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Publication numberUS2251243 A
Publication typeGrant
Publication dateJul 29, 1941
Filing dateJun 16, 1937
Priority dateJun 16, 1937
Publication numberUS 2251243 A, US 2251243A, US-A-2251243, US2251243 A, US2251243A
InventorsWalter H Randall
Original AssigneeCanal Nat Bank
Export CitationBiBTeX, EndNote, RefMan
External Links: USPTO, USPTO Assignment, Espacenet
Art of pulp molding
US 2251243 A
Abstract  available in
Images(1)
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Claims  available in
Description  (OCR text may contain errors)

I July 29, 1941. w. H. RANDALL ART OF PULP MOLDING Filed June 16, 1937 up. i 6 .M \M H W .m m k w F u W, a H N Invervfor Patented July 29, 1941 ART OF PULP MOLDING Walter H. Randall, Waterville, Maine, assignor,

by mesne assignments, to The Canal National, Bank of Portland, Portland, Maine, 9. national banking association of the United States of America, as trustee Application June 16, 1937, Serial No. 148,544

2 Claims.

This invention relates to a method of and apparatus for producing molded pulp articles having a reinforced edge of minimum cross-sectional area and of max mum rigidity and stiffness, and to the article reduced by such method and apparatus.

For certain types of molded pulp articles, such as drinking cups or containers, it is desirable, from the standpoint of utility and appearance that the container shall have a reinforced edge of minimum cross-sectional area and maximum rigidity comparable to the beaded or rolled edge obtained in a paper cup.

In the conventional methods of producing molded pulp articles, however, there is little if any more pulp deposited at the edge than in the wall or body of the article so that when the article is finished the pulp sheet is no stronger at its edge than at its wall or body. Hence, if any additional strength stiffening or reinforcement is wanted at the edge it is customary to make the edge of some special shape such as an angular or channel shape which for many types of containers is objectionable on account'of bulk and appearance.

In carrying out my invention I obtain an edge of minimum cross-sectional area and maximum rigidity or stiffness with the minimum of operations and equipment and without the necessity of forming the edge in some channel or angular shape. Such edge may be rounded or made in any reasonable sectional shape.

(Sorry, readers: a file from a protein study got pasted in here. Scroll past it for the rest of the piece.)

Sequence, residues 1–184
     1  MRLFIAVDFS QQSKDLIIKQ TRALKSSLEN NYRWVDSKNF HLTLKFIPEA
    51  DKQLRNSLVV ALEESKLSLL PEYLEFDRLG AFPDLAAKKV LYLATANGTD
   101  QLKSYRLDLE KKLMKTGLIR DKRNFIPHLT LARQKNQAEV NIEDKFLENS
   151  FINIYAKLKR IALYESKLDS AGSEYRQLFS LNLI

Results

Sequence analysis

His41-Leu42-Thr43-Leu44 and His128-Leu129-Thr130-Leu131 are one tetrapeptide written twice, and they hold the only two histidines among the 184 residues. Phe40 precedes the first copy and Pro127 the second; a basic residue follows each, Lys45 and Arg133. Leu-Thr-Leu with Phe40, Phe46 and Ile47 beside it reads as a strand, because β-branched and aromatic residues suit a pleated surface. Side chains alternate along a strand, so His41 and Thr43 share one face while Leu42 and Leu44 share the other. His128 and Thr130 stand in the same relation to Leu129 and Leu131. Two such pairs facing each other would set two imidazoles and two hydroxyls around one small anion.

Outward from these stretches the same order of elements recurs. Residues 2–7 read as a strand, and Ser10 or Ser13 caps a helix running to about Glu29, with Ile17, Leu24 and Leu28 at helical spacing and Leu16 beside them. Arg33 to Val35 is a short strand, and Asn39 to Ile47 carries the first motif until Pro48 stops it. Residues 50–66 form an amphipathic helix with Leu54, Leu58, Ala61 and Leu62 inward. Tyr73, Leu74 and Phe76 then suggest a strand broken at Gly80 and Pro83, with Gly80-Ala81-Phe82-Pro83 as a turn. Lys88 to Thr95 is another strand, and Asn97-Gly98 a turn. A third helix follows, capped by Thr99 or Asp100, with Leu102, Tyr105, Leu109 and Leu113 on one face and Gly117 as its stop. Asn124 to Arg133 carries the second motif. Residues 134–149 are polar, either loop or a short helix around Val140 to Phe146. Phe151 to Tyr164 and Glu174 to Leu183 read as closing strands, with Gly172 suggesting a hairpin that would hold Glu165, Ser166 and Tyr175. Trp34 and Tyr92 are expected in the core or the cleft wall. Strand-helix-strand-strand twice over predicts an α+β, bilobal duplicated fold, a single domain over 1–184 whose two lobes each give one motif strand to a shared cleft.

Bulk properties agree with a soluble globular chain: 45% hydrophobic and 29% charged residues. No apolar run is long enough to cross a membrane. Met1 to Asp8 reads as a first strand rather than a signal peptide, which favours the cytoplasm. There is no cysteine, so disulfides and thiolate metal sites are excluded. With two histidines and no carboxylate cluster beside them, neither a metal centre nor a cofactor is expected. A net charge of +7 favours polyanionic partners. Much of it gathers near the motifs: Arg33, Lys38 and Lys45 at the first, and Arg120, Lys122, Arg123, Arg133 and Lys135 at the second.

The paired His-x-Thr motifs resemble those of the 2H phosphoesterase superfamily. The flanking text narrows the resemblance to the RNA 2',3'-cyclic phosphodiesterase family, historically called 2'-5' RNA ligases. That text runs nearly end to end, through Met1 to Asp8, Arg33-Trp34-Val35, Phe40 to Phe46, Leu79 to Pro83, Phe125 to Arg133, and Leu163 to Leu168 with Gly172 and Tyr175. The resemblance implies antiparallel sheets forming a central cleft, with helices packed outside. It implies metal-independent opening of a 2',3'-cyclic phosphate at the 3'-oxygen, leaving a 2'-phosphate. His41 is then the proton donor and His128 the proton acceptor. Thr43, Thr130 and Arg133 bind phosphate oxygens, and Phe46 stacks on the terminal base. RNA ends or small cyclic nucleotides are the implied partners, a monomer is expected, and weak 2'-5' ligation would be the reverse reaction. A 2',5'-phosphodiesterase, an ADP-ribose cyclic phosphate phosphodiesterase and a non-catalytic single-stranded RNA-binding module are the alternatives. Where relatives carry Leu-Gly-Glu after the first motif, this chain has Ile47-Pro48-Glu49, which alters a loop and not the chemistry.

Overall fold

In the accompanying drawing:

Figs. 14, inclusive, illustrate in partial section successive steps in the preferred method of practicing my invention.

Fig. 5 illustrates an additional step in the nature of a variation which may be employed if desired, and

Figs. 6, 7 and 8 are fragmentary sections on an enlarged scale through the edge and wall of molded pulp articles produced in accordance with my method and showing several of the many various possible shapes of reinforced edges which may be obtained by my method.

Referring to Fig. 1 wherein I haye illustrated the first step in my method, the article D is formed from a liquid pulp mixture on a foraminous forming die A of conventional type having the usual forming die ring B which defines the edge of the molded pulp article and clamps and holds the usual perforated screen C in place.

After the article D has been formed on the forming die and properly drained, but while still containing a large percentage of moisture, it is transferred by any appropriate mechanism to a holding or vacuum die G (Fig. 3).

Conveniently, such transfer may be accomplished by means of a transfer die E (Fig. 2) which removes the wet article D from the forming die A and places it in the holding die G which holding die may be heated if desired and is foraminous whereby vacuum may be maintained thereon to hold the article transferred to it and to enable further moisture to be removed from the article during drying.

Transfer die E is foraminous and means are provided for applying vacuum and air as may be required for transferring the article from formng die A to holding die G. Y The depth of the holding die G between points l2 (Fig. 3) is somewhat less than the corresponding depth 3-4 (Fig. 1) of the forming die A, this difference in depth representing the amount ofv additional stock required to form the reinforced edge on the article. Thus when the article is transferred to the holding die G the edge of the article extends an appreciable distance beyond the upper limit of dimension i--2 as indicated at F, Fig. 3, along the side of the vacuum die ring H.

The next step is to contact the article in holding die G by die J (Fig. 4) which may be a heated finishing die for drying the article between it and holding die G.